Editor’s Note: We wanted to share one more trip reflection before Birdathon comes to a close. If you want to join Birdathon’s closing celebration you can register here.
Text and photos by Marjorie Powell
We gathered slowing at one of the two platforms at the Elsie Roemer Preserve at the edge of the Bay and later wandered down the path to the second platform. Between the two platforms, we spent two hours looking at birds as the receding water exposed the mud of the shallow shoreline, providing more and more feeding space for those birds that poke in the mud. In that time, members of the group saw 28 different species of birds (I missed 3 of those 28), with more than 100 of some species (Western Sandpiper, Dunlin) and only a few of other species (Caspian Terns, Avocets, Anna’s Hummingbirds). Our leaders, Sharol Nelson- Embry and Joyce Mercado, helped us identify birds, described field markings, and looked up birds in their field guides to help newer birders identify differences between similar birds. Some of the Black- bellied Plovers were molting into their breeding plumage, making it easier to understand their name. The Avocets, also, showed the start of their breeding plumage – Sharol reminded us that they breed in the Bay area, unlike other birds we were seeing which migrate north to their breeding areas.
Because Sharol was entering our list into ebird, we discussed estimates of how many of the more abundant species we were seeing. Some were easy, like counting the Double-crested Cormorants on the breakwater; others were harder, like the estimate of how many Western Sandpipers we had seen at both platforms, or how many Dunlins. We all marveled at the patterns as the Sandpipers flew up and swirled over the water, back and forth, then slowly landed after the Hawk that spooked them had disappeared – they flashed dark and then light as they turned away from, and then toward, us.
After a full morning, we walked up the block to the beach where we found a make-shift table on which we ate our lunches and shared stories of places we liked to see shorebirds.
After lunch, we went inside for the promised chocolate tasting. An initial set of questions kept us occupied while people slowly settled in – when did chocolate come to San Francisco? Can you name an early San Francisco chocolate manufacturer? Who in the group has eaten chocolate in a foreign country and what country? Switzerland was the most often named, but a few South American countries were named – Ecuador for me.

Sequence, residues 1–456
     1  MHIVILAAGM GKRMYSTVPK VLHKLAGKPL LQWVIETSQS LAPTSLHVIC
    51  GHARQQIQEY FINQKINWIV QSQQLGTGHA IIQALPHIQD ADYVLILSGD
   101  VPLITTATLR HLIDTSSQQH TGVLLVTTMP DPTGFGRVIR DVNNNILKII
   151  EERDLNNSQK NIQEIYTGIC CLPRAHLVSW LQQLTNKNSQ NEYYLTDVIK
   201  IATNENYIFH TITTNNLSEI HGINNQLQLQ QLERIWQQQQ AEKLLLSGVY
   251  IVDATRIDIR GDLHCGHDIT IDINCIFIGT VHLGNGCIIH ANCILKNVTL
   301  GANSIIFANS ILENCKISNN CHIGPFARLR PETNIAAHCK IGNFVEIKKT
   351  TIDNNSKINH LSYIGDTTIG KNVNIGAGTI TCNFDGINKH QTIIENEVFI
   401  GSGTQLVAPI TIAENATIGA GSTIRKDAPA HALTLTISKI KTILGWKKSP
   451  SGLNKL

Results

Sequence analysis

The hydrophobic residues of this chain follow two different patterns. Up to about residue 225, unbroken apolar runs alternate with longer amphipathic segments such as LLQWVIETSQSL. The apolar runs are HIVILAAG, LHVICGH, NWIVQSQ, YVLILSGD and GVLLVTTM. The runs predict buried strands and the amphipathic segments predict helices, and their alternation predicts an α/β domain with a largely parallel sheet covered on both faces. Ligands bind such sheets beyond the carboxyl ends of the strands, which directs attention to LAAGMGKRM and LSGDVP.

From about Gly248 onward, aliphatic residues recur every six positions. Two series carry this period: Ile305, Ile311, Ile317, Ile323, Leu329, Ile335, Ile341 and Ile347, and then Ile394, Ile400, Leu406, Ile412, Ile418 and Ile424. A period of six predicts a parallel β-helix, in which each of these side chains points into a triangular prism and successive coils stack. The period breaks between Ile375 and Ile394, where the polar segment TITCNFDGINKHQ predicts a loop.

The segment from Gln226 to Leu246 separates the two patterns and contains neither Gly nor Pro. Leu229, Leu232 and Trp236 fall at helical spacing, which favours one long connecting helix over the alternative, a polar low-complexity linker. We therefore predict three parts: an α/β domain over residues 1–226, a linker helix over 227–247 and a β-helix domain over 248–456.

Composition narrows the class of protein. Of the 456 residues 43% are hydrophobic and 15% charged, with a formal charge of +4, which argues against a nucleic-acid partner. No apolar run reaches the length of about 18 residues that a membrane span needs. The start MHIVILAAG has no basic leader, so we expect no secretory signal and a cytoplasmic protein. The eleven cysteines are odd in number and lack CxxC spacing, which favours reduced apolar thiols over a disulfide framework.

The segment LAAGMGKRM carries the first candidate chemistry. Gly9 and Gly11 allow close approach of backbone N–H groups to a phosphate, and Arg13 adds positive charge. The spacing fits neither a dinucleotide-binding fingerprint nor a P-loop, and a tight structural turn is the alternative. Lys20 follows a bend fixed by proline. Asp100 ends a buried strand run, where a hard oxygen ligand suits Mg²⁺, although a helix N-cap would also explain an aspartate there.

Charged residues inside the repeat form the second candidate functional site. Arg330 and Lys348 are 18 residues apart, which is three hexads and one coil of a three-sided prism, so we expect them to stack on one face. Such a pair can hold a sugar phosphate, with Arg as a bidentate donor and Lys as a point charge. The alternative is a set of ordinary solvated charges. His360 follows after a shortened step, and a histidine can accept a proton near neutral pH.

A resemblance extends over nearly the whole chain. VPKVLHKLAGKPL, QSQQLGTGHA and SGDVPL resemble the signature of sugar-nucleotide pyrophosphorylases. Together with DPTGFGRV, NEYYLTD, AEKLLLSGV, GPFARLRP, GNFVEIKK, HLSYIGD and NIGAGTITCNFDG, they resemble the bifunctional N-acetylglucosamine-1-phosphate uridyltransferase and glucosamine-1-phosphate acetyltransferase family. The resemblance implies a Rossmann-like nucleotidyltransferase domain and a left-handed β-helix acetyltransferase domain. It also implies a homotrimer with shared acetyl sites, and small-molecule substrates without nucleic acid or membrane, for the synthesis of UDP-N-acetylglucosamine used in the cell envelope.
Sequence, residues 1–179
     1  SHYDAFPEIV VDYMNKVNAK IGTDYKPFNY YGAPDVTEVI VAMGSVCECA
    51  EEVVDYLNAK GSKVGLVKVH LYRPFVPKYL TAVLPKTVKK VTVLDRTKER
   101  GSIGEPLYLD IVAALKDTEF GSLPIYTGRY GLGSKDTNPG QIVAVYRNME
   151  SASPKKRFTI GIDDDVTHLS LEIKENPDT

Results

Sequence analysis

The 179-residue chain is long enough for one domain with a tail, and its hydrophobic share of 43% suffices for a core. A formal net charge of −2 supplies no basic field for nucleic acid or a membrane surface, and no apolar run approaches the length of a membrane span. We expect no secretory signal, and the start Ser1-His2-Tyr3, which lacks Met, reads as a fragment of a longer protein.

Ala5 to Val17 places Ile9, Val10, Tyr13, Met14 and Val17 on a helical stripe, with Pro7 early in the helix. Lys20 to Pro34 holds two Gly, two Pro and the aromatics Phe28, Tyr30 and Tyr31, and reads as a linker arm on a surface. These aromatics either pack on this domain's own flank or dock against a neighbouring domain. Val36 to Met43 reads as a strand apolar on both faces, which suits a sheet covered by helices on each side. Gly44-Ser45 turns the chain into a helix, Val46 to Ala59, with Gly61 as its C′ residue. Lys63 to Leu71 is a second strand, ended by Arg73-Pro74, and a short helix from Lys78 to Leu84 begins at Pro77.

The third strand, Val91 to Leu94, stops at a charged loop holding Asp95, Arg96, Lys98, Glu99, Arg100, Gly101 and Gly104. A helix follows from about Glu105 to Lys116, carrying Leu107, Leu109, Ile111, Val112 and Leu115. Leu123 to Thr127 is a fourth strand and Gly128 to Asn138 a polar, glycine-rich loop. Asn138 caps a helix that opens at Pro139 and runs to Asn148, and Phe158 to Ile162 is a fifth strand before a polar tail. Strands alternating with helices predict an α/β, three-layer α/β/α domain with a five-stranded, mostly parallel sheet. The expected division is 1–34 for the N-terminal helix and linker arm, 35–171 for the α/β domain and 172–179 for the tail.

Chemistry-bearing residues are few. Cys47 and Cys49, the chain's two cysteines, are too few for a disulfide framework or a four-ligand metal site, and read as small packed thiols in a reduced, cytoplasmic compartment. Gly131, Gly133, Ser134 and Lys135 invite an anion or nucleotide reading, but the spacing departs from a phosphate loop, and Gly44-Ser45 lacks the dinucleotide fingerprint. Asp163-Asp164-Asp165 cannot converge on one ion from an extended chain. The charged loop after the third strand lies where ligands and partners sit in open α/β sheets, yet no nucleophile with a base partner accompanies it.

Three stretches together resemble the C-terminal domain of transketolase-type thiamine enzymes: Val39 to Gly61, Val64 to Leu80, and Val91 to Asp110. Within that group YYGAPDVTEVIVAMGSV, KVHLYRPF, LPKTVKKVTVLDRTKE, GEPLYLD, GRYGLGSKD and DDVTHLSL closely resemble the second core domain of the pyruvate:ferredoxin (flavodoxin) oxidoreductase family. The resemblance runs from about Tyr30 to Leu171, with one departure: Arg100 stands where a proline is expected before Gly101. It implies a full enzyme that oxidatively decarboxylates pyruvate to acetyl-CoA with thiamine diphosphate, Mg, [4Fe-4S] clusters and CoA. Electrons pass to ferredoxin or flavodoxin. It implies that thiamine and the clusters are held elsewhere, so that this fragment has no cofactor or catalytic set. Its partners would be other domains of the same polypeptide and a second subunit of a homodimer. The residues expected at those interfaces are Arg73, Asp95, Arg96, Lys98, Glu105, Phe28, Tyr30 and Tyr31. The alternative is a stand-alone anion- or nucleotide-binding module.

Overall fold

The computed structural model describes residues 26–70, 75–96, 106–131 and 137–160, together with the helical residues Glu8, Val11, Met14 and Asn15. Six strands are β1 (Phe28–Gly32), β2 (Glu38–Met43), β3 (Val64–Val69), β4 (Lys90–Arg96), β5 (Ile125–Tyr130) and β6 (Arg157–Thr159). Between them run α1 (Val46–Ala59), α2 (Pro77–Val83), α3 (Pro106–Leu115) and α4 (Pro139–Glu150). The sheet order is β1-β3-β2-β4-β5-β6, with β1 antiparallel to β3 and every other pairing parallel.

Then to the pre-tasting chocolate – milk chocolate, dark chocolate, ruby chocolate, and infused chocolate. One unique item to me was chocolate tea, made from the husks of the cacao beans. That was a fun treat to start the session. Next, we moved to chairs in the kitchen, found seats, and collected water glasses and our recording sheets for the tasting. Sharol walked us though the list; company name, chocolate bar name, source country (we were tasting single source chocolates, most produced by small companies, with cacao from several countries among the 9 different bars), texture (both as bar and when you break it), aroma, taste, finish, percentage chocolate. And the first item, a milk chocolate from Hondorus with 72% cacao. We talked about each step as we went along: feel, break it, note the texture, aroma, then taste it. How long does it take to melt? How long does the taste last?
Our hosts had set out enough of each sample product for a couple more people, so we missed those people who had signed up for, but then could not attend the Birdathon event, each time Joyce passed a bowl with pieces of chocolate.
Then to taste 2, 3, and so on. Occasionally we stopped for a bite of bread or apple to clear our palates, and then back to tasting. As someone who is normally satisfied by one or two bites of good chocolate, I was overwhelmed by the 6th product and struggled to keep up, sort of, with the tasting pace. I was often still enjoying the end of one product’s taste while others had moved well into the next product, and to my senses, they got better and better. By the time I’d finished enjoying the last one, others were looking at price lists and considering what, if anything, they wanted to buy. A bag of the chocolate tea was my choice. I admit I felt wired for the rest of the day, as if I’d had too much caffeine, but it was a fun day, with the tastes lasting into the afternoon.
Oh, and chocolate came to San Francisco with the Gold Rush, as did so many other things. Early San Francisco chocolate companies include Ghirardelli and Guitard, which still make baking chocolate in the city. And everyone I talked to had eaten chocolate in at least one other country – with Switzerland being on many lists. And the first chocolate bars were made by Joseph Fry in 1847 and Cadbury in 1849. I’m considering arranging a tasting for a future family event – it’s sure to be a hit.
Marjorie retired and moved from the Chesapeake Bay to the San Francisco Bay a few years ago. In addition to trying to learn about west coast birds through GGAS classes and field trips, she is a member of GGAS’ Friends of the Alameda Wildlife Reserve and travels frequently with her husband. She was a top first-time fundraiser Birdathon 2019
If you are interested in more information about the impact of chocolate on bird habitat check out Sharol Nelson-Embry’s website at https://www.cocoacase.com/ and this resent article about her work. http://www.alamedamagazine.com/February-2019/Sherol-Nelson-Embry-Launches-Chocolate-Business-Cocoa-Case-in-Alameda/